The Chair of the Committee on the Genocide of the Roma, Martina Maschke, visited Lety again, this time to commend the Czech government on this important step.

In 2019, the Museum of Romani Culture was awarded an IHRA Grant to develop a concept for the exhibition for the Lety memorial. The project involved consultations with various museums and memorials from different countries. This exhibition was to cover the history of the concentration camp, prevent false assumptions on the purpose of the camp and the conditions of the victims therein, and counter any denial of the genocide of the Roma as well as antigypsyism/anti-Roma discrimination. 

The IHRA’s experts remain actively involved in the advisory process as the new memorial complex is designed.

"The IHRA's continuous interest in Lety helped to move things in the right direction." – Head of the Czech Delegation to the IHRA, Antonín Hradilek

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10 Aug 2016 Time to read: 4 mins

From the archives: Pig farming on the site of the former concentration camp for Roma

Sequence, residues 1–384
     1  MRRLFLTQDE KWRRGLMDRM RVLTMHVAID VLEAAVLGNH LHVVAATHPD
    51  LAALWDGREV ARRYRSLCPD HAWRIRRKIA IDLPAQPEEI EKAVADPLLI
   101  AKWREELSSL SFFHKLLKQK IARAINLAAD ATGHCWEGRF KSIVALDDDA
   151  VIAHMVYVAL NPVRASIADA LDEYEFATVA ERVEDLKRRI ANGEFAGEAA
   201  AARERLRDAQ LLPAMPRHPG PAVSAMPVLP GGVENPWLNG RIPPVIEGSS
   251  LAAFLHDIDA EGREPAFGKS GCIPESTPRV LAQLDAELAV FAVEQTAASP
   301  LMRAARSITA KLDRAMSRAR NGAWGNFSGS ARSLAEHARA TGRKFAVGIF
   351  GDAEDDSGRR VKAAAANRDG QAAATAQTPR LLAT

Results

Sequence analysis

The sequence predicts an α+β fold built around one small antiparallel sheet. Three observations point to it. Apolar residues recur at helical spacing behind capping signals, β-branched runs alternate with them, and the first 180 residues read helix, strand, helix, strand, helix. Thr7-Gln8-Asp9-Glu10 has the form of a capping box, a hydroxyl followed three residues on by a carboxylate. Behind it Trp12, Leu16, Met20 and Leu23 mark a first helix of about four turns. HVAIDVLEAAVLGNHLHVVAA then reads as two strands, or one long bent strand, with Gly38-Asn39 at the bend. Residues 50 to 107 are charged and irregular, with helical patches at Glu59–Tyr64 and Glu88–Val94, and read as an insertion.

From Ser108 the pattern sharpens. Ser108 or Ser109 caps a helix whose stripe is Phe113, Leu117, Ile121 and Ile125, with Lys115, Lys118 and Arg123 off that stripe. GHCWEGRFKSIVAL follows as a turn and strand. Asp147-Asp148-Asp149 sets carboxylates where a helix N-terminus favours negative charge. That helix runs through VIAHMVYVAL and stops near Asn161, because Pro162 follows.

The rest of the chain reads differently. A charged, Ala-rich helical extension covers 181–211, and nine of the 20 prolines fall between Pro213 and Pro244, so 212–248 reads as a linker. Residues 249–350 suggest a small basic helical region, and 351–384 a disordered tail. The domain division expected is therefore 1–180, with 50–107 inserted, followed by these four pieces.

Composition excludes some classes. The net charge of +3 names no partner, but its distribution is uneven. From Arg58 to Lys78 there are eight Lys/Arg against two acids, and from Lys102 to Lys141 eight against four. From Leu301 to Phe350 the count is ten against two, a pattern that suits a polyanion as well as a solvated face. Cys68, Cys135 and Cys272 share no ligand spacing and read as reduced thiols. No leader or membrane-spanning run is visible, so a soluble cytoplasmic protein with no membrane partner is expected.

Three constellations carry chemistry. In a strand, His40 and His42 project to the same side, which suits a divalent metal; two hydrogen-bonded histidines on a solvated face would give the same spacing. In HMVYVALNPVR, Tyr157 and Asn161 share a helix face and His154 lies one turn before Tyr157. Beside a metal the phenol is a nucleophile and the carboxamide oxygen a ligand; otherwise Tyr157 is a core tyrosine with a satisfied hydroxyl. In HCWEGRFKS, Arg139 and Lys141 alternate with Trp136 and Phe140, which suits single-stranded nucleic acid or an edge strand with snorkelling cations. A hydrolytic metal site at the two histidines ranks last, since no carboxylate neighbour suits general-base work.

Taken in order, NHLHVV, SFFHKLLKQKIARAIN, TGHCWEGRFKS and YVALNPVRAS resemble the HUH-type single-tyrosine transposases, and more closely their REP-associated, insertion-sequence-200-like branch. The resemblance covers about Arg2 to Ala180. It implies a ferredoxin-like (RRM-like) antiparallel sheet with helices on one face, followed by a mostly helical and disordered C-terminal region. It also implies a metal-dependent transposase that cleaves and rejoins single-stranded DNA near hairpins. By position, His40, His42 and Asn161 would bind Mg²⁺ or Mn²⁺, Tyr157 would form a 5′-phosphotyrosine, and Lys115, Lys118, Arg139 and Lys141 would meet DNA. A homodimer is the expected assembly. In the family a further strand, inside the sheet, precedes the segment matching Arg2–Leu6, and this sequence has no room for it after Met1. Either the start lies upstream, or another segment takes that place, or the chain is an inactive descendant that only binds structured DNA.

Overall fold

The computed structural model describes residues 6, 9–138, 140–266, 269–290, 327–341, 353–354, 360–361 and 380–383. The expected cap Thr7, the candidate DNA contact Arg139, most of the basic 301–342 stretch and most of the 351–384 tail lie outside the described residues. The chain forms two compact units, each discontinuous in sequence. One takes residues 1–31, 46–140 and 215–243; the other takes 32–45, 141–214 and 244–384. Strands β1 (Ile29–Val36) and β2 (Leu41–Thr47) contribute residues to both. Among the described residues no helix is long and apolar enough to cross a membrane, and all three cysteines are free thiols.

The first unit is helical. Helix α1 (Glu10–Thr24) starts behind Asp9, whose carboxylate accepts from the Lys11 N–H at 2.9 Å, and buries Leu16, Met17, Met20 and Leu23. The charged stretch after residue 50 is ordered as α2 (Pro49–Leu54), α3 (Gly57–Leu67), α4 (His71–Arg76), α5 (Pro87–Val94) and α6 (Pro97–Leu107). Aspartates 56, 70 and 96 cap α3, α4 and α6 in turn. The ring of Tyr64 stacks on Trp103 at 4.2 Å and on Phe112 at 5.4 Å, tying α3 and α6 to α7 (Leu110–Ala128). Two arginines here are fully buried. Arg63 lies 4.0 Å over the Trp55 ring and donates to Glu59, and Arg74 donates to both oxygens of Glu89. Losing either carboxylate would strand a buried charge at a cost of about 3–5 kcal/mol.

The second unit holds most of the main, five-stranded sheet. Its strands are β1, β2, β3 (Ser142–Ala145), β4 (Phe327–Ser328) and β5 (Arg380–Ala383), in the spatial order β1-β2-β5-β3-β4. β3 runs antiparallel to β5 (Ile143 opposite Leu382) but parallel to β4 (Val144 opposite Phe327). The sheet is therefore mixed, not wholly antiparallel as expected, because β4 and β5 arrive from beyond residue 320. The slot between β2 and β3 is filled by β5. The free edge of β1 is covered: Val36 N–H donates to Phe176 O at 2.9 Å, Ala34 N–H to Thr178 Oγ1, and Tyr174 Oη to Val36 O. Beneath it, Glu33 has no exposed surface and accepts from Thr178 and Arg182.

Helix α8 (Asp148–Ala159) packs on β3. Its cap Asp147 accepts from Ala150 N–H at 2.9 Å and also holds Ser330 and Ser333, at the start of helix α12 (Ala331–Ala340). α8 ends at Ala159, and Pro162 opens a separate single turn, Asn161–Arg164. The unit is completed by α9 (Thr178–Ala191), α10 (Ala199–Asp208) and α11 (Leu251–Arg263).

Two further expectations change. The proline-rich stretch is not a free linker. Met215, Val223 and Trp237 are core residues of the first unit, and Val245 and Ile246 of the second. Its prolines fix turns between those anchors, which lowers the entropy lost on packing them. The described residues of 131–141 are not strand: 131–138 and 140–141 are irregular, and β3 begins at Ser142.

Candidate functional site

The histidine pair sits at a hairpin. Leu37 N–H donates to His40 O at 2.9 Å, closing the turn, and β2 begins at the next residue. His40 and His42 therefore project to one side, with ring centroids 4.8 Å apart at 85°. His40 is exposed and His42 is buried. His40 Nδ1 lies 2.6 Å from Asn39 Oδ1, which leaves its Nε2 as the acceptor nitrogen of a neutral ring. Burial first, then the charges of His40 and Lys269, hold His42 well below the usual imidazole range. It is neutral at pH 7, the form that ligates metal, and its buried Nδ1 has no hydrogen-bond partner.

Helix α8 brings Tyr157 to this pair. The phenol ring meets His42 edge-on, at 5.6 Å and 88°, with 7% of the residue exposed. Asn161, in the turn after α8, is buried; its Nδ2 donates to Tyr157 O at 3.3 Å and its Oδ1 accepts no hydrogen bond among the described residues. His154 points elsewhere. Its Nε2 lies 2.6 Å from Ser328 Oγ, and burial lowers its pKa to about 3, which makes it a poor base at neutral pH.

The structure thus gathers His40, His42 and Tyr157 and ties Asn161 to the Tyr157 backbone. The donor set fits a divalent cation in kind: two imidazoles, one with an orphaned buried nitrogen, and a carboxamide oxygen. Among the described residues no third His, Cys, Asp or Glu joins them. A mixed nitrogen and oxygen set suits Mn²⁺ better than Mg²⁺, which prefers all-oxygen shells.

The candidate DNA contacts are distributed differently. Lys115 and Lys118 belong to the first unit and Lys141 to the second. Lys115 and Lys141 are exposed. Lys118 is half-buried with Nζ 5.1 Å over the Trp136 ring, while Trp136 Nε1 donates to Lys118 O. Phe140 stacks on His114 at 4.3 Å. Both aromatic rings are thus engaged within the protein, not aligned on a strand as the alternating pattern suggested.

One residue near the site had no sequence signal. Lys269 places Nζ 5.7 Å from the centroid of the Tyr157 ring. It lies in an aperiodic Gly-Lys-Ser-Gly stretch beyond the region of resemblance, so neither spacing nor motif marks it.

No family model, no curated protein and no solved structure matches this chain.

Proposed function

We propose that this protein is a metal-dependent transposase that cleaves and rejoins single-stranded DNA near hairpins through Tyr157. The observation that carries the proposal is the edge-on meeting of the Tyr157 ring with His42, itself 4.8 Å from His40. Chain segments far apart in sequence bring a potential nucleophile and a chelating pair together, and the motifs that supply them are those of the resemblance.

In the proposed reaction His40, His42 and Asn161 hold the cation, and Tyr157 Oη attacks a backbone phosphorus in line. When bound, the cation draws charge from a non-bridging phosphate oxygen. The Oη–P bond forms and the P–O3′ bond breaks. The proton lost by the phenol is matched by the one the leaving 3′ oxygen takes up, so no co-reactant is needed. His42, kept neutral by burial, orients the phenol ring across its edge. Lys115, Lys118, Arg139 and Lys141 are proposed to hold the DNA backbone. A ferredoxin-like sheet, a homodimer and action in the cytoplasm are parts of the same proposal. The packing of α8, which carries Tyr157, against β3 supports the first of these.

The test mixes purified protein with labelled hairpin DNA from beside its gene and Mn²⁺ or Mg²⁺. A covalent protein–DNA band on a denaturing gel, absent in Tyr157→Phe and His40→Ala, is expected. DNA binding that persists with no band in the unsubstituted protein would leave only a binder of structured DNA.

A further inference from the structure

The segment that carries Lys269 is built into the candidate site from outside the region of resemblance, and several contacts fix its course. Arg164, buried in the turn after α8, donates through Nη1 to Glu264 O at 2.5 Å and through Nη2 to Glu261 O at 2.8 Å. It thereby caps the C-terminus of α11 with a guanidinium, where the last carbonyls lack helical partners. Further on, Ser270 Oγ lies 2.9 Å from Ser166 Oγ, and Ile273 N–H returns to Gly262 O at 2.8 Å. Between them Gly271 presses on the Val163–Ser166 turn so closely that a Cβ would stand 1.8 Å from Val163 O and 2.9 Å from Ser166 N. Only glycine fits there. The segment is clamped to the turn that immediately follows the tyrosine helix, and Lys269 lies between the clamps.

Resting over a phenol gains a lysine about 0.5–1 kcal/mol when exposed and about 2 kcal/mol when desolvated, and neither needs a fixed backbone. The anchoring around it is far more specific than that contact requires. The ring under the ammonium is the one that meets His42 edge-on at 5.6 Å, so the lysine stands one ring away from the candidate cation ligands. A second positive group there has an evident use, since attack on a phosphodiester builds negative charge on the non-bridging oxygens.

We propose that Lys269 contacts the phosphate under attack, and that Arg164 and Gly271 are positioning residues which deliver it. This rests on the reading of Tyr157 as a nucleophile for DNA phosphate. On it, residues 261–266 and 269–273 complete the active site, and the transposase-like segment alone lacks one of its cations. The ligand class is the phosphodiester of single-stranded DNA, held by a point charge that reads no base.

An IHRA delegation reflects on their visit to Lety u Písku, a former concentration camp where a pig farm stood.

Timeline

1970s

Pig farm is established.

Mid-1990s

Czech authorities are urged by, among others, the EU, Council of Europe, and UN Human Rights Committee, to remove the pig farm.

13 May 1995

Lety memorial to the concentration camp was inaugurated with a commemoration ceremony held in the presence of Czech President Václav Havel. The memorial stands on the site of a mass grave, outside the area of the concentration camp. The large pig farm stands right next to it.

28 April 2005

An EU resolution calls for removal of the pig farm.

13 June 2007

IHRA Member Countries adopted the Prague Resolution recognizing the extraordinary importance of researching and marking for posterity the physical locations where Holocaust-related events occurred and pledged to undertake all possible measures preserve them and prevent their misuse.